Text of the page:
Thanks a lot, Jim! This sheds light on the subject and really sounds promising.


On 10/6/2016 9:31 PM, Jim Graham wrote:
Ah, I see.

There are a lot of mistaken assumptions in the rendering there. It's not just line thickness, it is assumptions about stroke control and positioning of strokes.

The biggest issue seems to be that developers (including our own internal Swing developers who heard this lecture from me decades ago, but ignored it because it was inconvenient and not yet relevant at the time) who use the integer-based draw commands assume that their lines are centered on the pixel that they are naming. In other words "if I draw a line along x=5 then I am telling the system to fill all the pixels with an X coordinate of 5", but that is not what that drawing request is asking for. The coordinates are at pixel edges and it is an artifact of our fill/stroke rules and stroke control hinting that has made this work out at 1:1 scaling. As soon as you scale you can see the issues. We used to only scale for printing, but now we are starting to scale for the screen.

g.drawRect(0,0,w-1,h-1) is a completely disfunctional way to outline a component with any settings other than 1:1 coordinates and STROKE_CONTROL on. I've been mentioning this for years (going on decades now), but Swing was addicted to that boilerplate for drawing a border. Thankfully, FX and its CSS-focused skinning has gone with a different mechanism (primarily most FX components are outlined using successive fills - optimized in implementation to avoid overdrawing - rather than using strokes based on mistaken assumptions about where the line is drawn).

In particular, the line in that example g.drawRect(0,0,w-1,h-1) technically occurs at the following coordinates:

outer part of outline goes from 0.0-0.5,0.0-0.5 to w-1+0.5,h-1+0.5
   (i.e. -0.5,-0.5 to w-0.5,h-0.5)
inner part of outline goes from 0.0+0.5,0.0+0.5 to w-1-0.5,h-1-0.5
   (i.e. +0.5,+0.5 to w-1.5,h-1.5)

At a high enough scale you can see the stroke starting to separate from the fill on the right and bottom edges where the closest it gets to the edge is 0.5 scaled coordiantes. That rounds to 0 for 1:1 and with the biasing from STROKE_CONTROL, but at higher resolutions it becomes a non-zero number of pixels.

Even at 1:1 scale if you follow our filling rules explicitly (which would require setting STROKE_CONTROL to PURE) then that would fill the rows at y=-1 and y=h-2 and the columns at x=-1 and x=w-2, which is not what you want at all. Setting STROKE_CONTROL on allows us to bias the location of the stroke a little and it ends up filling the correct pixels as a side effect (though STROKE_CONTROL is meant to achieve consistency in strokes, it also ends up shifting the line by enough that the fill rules choose different pixels in this case). The STROKE_CONTROL=on version of the path is assumed to be (0.25,0.25,w-0.75,h-0.75) because we snap all coordinates in a stroke-controlled non-AA path to the nearest location that is 0.25,0.25 within a pixel. This snapping to a consistent sub-pixel location biasing at 0.25 was chosen because line widths grow more evenly at that offset, but it offsets the outline enough so that the outline considered for filling becomes:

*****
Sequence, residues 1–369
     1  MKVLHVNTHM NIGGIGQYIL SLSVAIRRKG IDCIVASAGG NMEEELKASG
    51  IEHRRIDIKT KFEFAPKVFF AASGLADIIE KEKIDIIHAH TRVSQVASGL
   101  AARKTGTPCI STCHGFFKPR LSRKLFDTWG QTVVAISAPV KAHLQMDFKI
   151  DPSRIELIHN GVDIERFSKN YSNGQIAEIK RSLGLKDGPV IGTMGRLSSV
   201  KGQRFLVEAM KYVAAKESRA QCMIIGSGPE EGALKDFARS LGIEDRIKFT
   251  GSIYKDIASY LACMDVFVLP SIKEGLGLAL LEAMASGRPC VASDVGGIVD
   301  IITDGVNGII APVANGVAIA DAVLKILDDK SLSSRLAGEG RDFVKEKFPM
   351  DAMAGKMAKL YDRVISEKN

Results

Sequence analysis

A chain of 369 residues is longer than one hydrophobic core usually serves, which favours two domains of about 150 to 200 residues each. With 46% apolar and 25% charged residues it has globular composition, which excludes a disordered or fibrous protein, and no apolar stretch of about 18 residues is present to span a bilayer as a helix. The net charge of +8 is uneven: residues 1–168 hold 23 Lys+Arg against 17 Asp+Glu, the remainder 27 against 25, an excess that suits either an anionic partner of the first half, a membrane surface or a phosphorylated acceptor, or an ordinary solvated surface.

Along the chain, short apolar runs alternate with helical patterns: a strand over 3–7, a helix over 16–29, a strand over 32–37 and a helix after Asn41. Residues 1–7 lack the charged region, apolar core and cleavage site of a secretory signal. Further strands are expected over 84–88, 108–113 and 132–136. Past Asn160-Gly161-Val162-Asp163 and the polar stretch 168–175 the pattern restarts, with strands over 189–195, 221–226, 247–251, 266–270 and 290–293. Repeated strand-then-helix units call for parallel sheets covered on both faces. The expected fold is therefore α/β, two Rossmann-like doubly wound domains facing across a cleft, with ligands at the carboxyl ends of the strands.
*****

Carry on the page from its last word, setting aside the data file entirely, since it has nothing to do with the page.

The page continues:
outer part of outline goes from 0.25-0.5,0.25-0.5 to 0.25+w-1+0.5,0.25+h-1+0.5
   (i.e. -0.25,-0.25 to w-0.25,h-0.25)
inner part of outline goes from 0.25+0.5,0.25+0.5 to 0.25+w-1-0.5,0.25+h-1-0.5
   (i.e. +0.75,+0.75 to w-1.25,h-1.25)

which renders the rows columns at 0 and wh-1 at a 1:1 scale using our fill rules. Note that if you scale high enough you can still see separation between fill and outline, but the gap is only 0.25 scaled coordinates so it would take a scale of at least 4x to see it.

The technically accurate way to render the first/last pixel/1-unit-coordinate boundary of a component would be to drawRect(0.5,0.5,w-1,h-1) (with no stroke control set) which would place the rectangle at the following coordinates:

outer part of outline goes from 0.5-0.5,0.5-0.5 to 0.5+w-1+0.5,0.5+h-1+0.5
   (i.e. 0,0, to w,h)
inner part of outline goes form 0.5+0.5,0.5+0.5 to 0.5+w-1-0.5,0.5+h-1-0.5
   (i.e. 1,1 to w-1,h-1)

which completely encloses the first/last row/column of pixels on a 1:1 coordinate system and accurately covers the first/last N pixels in any arbitrary N-scaled coordinate system. The rounding for scales like 1.5 still might not work out the way you wanted, but at least the exact geometry is consistent with respect to the placement of pixels. With AA you will get a consistent border all around if w,h are snapped to a pixel size, but with non-AA then rounding error might lead to an extra pixel on one pair of sides. I haven't done the analysis to see how the above technique would be affected by STROKE_CONTROL because really what you are looking for is to render the a consistent edge around the component and so successive fills as is done with most of our CSS skinning files in FX is a better solution overall. There are just too many considerations in filling to make it worthwhile for simple rectangular regions...


On 10/4/16 1:46 PM, Anton Tarasov wrote:
On 10/4/2016 11:30 PM, Jim Graham wrote:
I wasn't familiar with the test code for this particular case. Is it in a bug report somewhere?
Jim, I'm re-attaching it (it was in my first e-mail).



On 10/4/16 1:01 PM, Anton Tarasov wrote:
Also, the problem with primitives rendering ( is still there. But it seems to relate to line-thikness (border-thickness) rounding inaccuracy. What we can do with

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